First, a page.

C3.ai (NYSE:AI) stock has gone from hot to ice cold in record time. C3.ai completed its initial public offering last fall and started trading around $95. It shot up to $180 in a matter of weeks. But, since then, shares have lost fully 75% of their value just since December.
Two factors have combined to demolish AI stock. The first is the general malaise in speculative high growth stocks. Cathie Wood’s flagship ARK Innovation ETF (NYSEARCA:ARKK), for example, dropped 30% from its highs earlier this year.
Even as the Nasdaq tech stock index has made new highs, the upstart tech companies that make up exchange-traded funds such as ARKK got blasted. People are happy to buy Apple (NASDAQ:AAPL) right now, but there are serious reservations backing any company that doesn’t yet produce profits or free cash flow.
C3.ai finds itself among that unproven group. Over the past 12 months, it generated an operating loss of $56 million and had negative $38 million in cash from operations. That, combined with a slowdown in its revenue growth rate was enough to derail the company’s momentum.
However, it’s not time to give up on AI stock. In fact, this is a compelling entry point.
C3.ai: Big Contracts, Narrow Customer Base
Most software-as-a-service (SaaS) companies tend to sell moderately priced software to a large number of users. Think of some project management software, for example, where a company may pay $50 per user per month and sign up for dozens or hundreds of seats. This sort of sale is easy to generate. The customer knows what they’re getting, it’s easy to set up and it’s not a big deal if the customer eventually wants to cancel.
In other words, there’s not a lot of friction in getting new clients.
C3.ai, however, is not selling bite-sized subscriptions to the masses. Rather, it signs huge long-term deals with a select number of customers. Its flagship contract with Baker Hughes (NYSE:BKR), for example, is for hundreds of millions of dollars and included a Baker Hughes investment in C3.ai equity.
While C3.ai sports big contracts with name-brand clients such as the U.S. Air Force and 3M (NYSE:MMM), it doesn’t have a broad customer list. In fact, it has only about 100 customers in total. Bears like to point to this to say that C3.ai is not a mainstream technology platform as of yet.
Sales Process Now Kicking Back Into Gear
As you can see, C3.ai has a different business model than most SaaS companies. It wants to land big customers and keep them for many years, rather than chasing lots of smaller incremental business.
The problem with this setup became clear during the pandemic. Many information technology departments were happy to spend on new software during pandemic. Particularly for mission-essential things such as secure video conferencing, the will was there.
Something like C3.ai’s artificial intelligence-powered efficiency software is not easy to sell via remote calls, however. If a company is going to decide on a piece of software that will potentially cost tens of millions of dollars over the course of its usage, that’s not a decision made flippantly. The inability to travel and sell the software in person made it difficult to close any deals.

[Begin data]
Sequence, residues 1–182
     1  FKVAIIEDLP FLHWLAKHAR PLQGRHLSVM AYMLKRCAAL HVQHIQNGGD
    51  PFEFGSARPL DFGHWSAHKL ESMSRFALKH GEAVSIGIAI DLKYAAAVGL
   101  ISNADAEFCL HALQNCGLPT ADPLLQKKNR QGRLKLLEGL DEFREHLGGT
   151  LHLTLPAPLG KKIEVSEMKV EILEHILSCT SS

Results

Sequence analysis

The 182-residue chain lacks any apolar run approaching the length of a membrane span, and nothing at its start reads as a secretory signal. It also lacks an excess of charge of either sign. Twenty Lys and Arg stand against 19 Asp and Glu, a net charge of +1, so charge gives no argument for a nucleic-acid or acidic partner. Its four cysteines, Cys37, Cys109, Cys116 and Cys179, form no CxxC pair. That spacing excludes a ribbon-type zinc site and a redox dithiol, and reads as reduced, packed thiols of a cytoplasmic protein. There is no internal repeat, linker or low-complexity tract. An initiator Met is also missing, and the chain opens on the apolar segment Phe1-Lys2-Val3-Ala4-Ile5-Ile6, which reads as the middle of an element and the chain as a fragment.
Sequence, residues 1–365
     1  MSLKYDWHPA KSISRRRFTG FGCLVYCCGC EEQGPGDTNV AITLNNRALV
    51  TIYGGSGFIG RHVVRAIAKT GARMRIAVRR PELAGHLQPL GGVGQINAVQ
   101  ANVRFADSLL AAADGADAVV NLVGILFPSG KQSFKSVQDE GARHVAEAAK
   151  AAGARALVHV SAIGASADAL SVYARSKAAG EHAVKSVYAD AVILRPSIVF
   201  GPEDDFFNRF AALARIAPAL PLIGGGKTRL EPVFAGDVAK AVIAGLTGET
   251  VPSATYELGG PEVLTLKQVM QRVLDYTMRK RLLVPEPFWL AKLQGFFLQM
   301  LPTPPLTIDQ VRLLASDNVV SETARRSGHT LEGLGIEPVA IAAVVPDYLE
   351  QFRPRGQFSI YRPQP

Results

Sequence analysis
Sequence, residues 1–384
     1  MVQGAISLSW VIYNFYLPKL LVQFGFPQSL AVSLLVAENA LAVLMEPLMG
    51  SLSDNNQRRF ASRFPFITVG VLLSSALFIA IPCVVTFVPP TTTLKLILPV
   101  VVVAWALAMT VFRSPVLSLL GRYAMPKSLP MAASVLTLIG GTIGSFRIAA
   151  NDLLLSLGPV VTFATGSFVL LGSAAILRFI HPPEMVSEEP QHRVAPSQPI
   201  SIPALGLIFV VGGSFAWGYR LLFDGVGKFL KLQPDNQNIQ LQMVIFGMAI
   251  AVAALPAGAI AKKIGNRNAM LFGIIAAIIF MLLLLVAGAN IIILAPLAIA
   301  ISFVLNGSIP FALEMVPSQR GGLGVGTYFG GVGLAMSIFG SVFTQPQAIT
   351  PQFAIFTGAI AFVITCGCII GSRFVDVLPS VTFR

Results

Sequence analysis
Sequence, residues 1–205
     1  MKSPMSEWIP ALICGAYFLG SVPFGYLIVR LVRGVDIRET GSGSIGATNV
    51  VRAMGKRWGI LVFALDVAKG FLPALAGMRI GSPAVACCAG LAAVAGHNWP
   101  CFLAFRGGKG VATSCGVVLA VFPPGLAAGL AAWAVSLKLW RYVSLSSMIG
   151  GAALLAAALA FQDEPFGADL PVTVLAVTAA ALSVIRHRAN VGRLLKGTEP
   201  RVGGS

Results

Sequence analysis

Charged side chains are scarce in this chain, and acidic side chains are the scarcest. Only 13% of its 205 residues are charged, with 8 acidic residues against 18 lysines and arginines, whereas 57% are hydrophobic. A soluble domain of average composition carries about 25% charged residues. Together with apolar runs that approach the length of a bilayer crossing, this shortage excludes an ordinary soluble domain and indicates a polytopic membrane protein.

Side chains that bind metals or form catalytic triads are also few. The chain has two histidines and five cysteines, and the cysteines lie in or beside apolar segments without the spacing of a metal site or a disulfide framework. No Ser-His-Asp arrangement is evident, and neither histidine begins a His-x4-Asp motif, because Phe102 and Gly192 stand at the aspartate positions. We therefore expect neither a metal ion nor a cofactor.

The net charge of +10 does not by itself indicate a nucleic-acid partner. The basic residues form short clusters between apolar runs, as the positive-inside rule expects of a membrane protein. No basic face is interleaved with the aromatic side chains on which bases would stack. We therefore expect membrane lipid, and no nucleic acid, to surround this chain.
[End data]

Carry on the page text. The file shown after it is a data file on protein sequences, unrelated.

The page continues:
Indeed, this time last year, C3.ai was generating hardly any new business at all. Things finally changed in the most recent quarter, where C3.ai’s bookings grew 179% sequentially, and 500% from the same period a year ago. Revenue growth was still light, as it takes time to go from a booking to realized revenue. Still, judging from the most recent quarter, C3.ai is well positioned to return to robust levels of growth by the end of this year.
AI Stock Verdict
C3.ai is a bet on CEO Thomas Siebel. He built one of the more successful software companies of the late 1990s in Siebel Systems. He may be building another in C3.ai. Or maybe he won’t succeed this time around. Potential investors in AI stock are betting on the jockey here.
What’s clear is that the odds of Siebel’s eventual success haven’t significantly changed over the past year. When the stock was at $183, investors seemed to think that it was inevitable that C3.ai would grow to dominate the field of artificial intelligence. Now, investors apparently have concluded that C3.ai’s mission is nearly impossible.
Yet, when you zoom out, C3.ai has been in business for more than a decade and is still ramping up. No one would dispute that C3.ai had a challenging time over the past year. However, that’s understandable given the company’s business model. With revenue growth kicking back into high gear, investors that stick with Siebel here stand to be rewarded.
On the date of publication, Ian Bezek held a long position in AI stock. The opinions expressed in this article are those of the writer, subject to the InvestorPlace.com Publishing Guidelines.
Ian Bezek has written more than 1,000 articles for InvestorPlace.com and Seeking Alpha. He also worked as a Junior Analyst for Kerrisdale Capital, a $300 million New York City-based hedge fund. You can reach him on Twitter at @irbezek.